Stop the Secrecy

Reporting back: & the Virginia negotiations

Thu, 09/20/2012 - 00:00 -- OpenMedia

Last week, negotiators and trade representatives behind the Trans-Pacific Partnership (TPP) trade agreement met in Virginia for another round of discussions. Once again, citizens of the pro-Internet community were left out of these secretive negotiations and public interest groups had their opportunities to speak out allocated in a series of 10-minute ‘stakeholder presentations’.

These presentations came with heavy criticism from our on-the-ground partners, with Public Knowledge even comparing the setup to a ‘science fair’ where stakeholders would have to compete in drawing attention to their booths. The lack of a clearly defined mandate for the presentations resulted in much confusion and less opportunity to engage with negotiators. A member of Public Knowledge had this to say:

"Often I saw negotiators and stakeholders watching from just outside the doorway of the rooms. Also, because the rooms were so close together and their doors were all open, the noise from other rooms or the hallway sometimes distracted from the presenters, who did not have microphones."

Instead of adhering to another set of confining rules laid out by the TPP, we took a radically different approach to ensure your voices were heard. With, we extended our campaign against the Trans-Pacific Partnership in an effort to push open the closed-door meetings regarding our Internet freedom by inviting citizens to submit their messages to negotiators.

According to reports from our coalition members on-the-ground at the TPP negotiations, trade representatives definitely took notice of the citizen comments, which streaming into their meeting space, turning heads in the process.

Arthur of Citizen Trade Campaign, an on-the-ground partner, exclaimed that the efforts of citizens worldwide in opening the TPP were successful in getting our message across:

"It sent a clear message to negotiators that people throughout North America and beyond are watching what they're doing and are unhappy with the direction in which the negotiations appear to be heading. Thank you OpenMedia and all the citizens who took part in this initiative!"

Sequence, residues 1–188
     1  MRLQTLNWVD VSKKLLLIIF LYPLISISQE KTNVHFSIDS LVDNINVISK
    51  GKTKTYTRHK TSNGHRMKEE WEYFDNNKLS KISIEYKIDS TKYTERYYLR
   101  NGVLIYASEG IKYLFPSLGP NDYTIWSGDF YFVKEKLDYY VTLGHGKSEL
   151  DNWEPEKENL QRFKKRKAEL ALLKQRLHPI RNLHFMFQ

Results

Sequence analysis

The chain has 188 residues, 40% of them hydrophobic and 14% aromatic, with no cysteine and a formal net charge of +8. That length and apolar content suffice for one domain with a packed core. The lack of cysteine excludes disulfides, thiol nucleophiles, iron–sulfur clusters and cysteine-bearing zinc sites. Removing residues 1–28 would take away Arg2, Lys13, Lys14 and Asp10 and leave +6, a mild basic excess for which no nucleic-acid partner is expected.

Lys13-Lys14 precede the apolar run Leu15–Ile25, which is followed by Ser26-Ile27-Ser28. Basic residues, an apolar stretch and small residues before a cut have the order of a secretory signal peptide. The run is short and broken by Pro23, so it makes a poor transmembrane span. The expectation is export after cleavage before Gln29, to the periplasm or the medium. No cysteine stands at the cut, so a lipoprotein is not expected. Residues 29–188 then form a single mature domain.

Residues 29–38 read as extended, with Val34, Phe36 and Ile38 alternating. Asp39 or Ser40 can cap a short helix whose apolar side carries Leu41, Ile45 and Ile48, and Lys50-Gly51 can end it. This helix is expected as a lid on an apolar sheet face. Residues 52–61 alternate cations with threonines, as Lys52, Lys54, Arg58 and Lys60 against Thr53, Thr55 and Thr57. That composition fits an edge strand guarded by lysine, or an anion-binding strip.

The process of inserting citizen voices into negotiators’ meeting space was itself a statement, one that signified our expectation to have any rules impacting our Internet use to be made in a way that is transparent. Ideally we the Internet users would and should drive the process behind these decisions, not media conglomerates who wish to protect their outdated business models.

Your voices created leverage for the policy experts some of our coalition members had on hand to deliver detailed presentations, such as one from Public Knowledge that laid out the groundwork for balanced copyright rules. They also helped to counter some of the silent responses from negotiators when asked questions head-on, as Rashmi of Public Knowledge discovered first-hand:

"When Rashmi asked the US negotiator how transparency and stakeholder engagement will improve she received no answer, nor did the USTR specify when they plan to ask Congress for authority to negotiate the TPP."

Beyond your messages, pictures, and opinions submitted through our tool, trade negotiators were often confronted by protests that would criticize a broad spectrum of the TPP’s extensive implications. On Tuesday, September 11, anti-TPP protesters blocked access to their meeting space after becoming increasingly frustrated with the secrecy surrounding negotiations. Our coalition partners at the Council of Canadians provide a great rundown of not only these acts against the TPP, but how your voices were able to cross into discussion.

In spite of our combined efforts and your inspired messages, the lobbyists behind the TPP seem committed to pushing forward. According to reports in the stakeholder briefing, USTR officer Barbara Weisel said Canada and Mexico will officially join the Trans-Pacific Partnership beginning of October 8 – but have you been hearing the same from either of these governments?

We’re beginning to see citizens worldwide criminalized for leaving their personal network open, the U.S. Patent and Trademark Office blocking access to pro-Internet content and warrantless online spying bills still being discussed by governments worldwide, threatening our Internet freedom. But at the same time, the pro-Internet community is pooling their resources and creating innovative tools, like, to ensure that the Internet freedom dialogue is a conversation worth having.


Speak out against the TPP at